The undersigned ask you to consider this request as you draft future stimulus packages. Moving forward, please consider Alaska Outdoor Alliance a trusted resource on this and other issues related to Alaska’s outdoor recreation economic sector.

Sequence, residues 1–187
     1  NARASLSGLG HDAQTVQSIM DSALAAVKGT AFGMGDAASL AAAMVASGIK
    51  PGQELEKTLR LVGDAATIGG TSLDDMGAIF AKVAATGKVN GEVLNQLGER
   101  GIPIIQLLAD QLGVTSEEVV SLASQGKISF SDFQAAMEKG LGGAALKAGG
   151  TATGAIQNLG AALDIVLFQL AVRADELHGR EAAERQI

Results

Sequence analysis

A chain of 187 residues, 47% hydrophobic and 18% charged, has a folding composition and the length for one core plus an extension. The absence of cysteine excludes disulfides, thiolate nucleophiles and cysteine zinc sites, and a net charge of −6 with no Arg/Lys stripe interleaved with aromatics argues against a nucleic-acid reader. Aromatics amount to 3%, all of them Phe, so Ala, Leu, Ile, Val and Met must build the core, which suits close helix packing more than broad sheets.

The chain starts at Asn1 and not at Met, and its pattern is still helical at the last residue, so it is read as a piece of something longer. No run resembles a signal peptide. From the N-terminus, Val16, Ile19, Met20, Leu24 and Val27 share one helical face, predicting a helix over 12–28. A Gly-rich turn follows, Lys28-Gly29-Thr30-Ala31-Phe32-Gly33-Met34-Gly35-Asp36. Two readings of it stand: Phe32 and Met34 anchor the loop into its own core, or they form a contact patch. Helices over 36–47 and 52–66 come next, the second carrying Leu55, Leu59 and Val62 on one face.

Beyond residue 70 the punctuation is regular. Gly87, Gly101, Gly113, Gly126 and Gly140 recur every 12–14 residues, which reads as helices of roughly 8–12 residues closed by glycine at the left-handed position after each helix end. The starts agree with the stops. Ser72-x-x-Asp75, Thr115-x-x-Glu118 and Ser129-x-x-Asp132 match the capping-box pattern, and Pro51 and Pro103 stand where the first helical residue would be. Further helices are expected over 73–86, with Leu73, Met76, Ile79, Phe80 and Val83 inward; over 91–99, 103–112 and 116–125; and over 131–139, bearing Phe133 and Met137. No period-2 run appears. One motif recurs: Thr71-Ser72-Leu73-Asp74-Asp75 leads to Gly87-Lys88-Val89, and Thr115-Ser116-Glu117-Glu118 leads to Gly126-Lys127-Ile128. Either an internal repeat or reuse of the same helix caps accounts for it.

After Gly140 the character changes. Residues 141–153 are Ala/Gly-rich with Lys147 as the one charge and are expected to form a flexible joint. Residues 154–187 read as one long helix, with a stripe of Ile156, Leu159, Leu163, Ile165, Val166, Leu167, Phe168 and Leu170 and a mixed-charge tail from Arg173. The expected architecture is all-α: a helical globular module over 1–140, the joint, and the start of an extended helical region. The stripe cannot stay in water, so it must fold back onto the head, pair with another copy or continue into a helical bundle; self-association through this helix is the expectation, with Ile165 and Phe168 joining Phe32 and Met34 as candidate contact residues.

A+ Dog Sled Excursions and Tours; Alaska Biathlon Association; Alaska Bike Adventures; Alaska Huts Association; Alaska Nature Guides; Alaska Trails; Alaska Wildland Adventures; Anchorage Biathlon Club; Anchorage Downtown Partnership, Ltd.; Anchorage Economic Development Corporation; Anchorage Mayor Ethan Berkowitz; Anchorage Park Foundation; Arctic Valley Ski Area; Audubon Alaska; Backcountry Hunters and Anglers - Alaska Chapter; Barry Whitehill, US Fish and Wildlife Service, retired; Biathlon Alaska; Chugach Adventures; Chugach Mountain Bike Riders; City of Delta Junction; Mayor Beth Weldon/City and Borough of Juneau Assembly; Currant Ridge Cabins, LLC; Delta Junction Trails Association; Denali Brewing Co.; Dew Claw Kennel, LLC; Forrest Dunbar, Anchorage Assembly; Eaglecrest Ski Area; Explore Cooper Landing; Fairbanks Area Hiking Club; Fairbanks Climate Action Coalition; Fairbanks Cycle Club; Fairweather Ski Works; Fatback Bikes/Speedway Cycles; Gastineau Guiding; Girdwood Mountain Bike Alliance; Girdwood Nordic Ski Club; Goldstream Sports, LLC; Grand View Cafe and RV Campground; Greater Sitka Chamber of Commerce; Happy Trails, Inc.; Haines Huts; HARD Eats Remote Catering and Food Truck; Hilltop Ski Area; Iditarod Historic Trail Alliance; Interior Alaska Trails and Parks Foundation; JBER Outdoor Recreation Center; Juneau Economic Development Council; Juneau Mountain Bike Alliance; Karl Kassel, former Mayor, Fairbanks North Star Borough; Kenai Mountains-Turnagain Arm National Heritage Area; Kodiak Area Native Association; Maeve Nevins-Lavtar, Gold Star Sister; Margaret Keiper, UAF Sports and Recreation Business Program; Mat-Su Trails and Parks Foundation; Max Romey Productions; National Parks Conservation Association - Alaska Region; Nicholas D'Alessio, professional guide; Nordic Ski Club of Fairbanks; Nordic Skiing Association of Anchorage; North Shore Cyclery; Pack Creek Bear Tours; Petersville Community Non-Profit Corporation; Port Protection Adventures; Rum Runner Charters; Running Club North; Sealaska/Allen Marine; Singletrack Advocates; Sitka Cycling Club; Sitka Trail Works, Inc.; Greg Smith, Juneau Assembly; Southeast Alaska Conservation Council; Southeast Alaska Independent Living: Outdoor Recreation and Community Access Program (ORCA); Stray Dogs LLC; Trail Mix, Inc.; Takshanuk Watershed Council; The American Society of Landscape Architects - Alaska Chapter; The Boat Company; The Fixed Line, LLC; Tourism Management Best Practices; UnCruise Adventures; Valdez Adventure Alliance, John Weddleton, Anchorage Assembly; and dozens of private outdoor enthusiasts.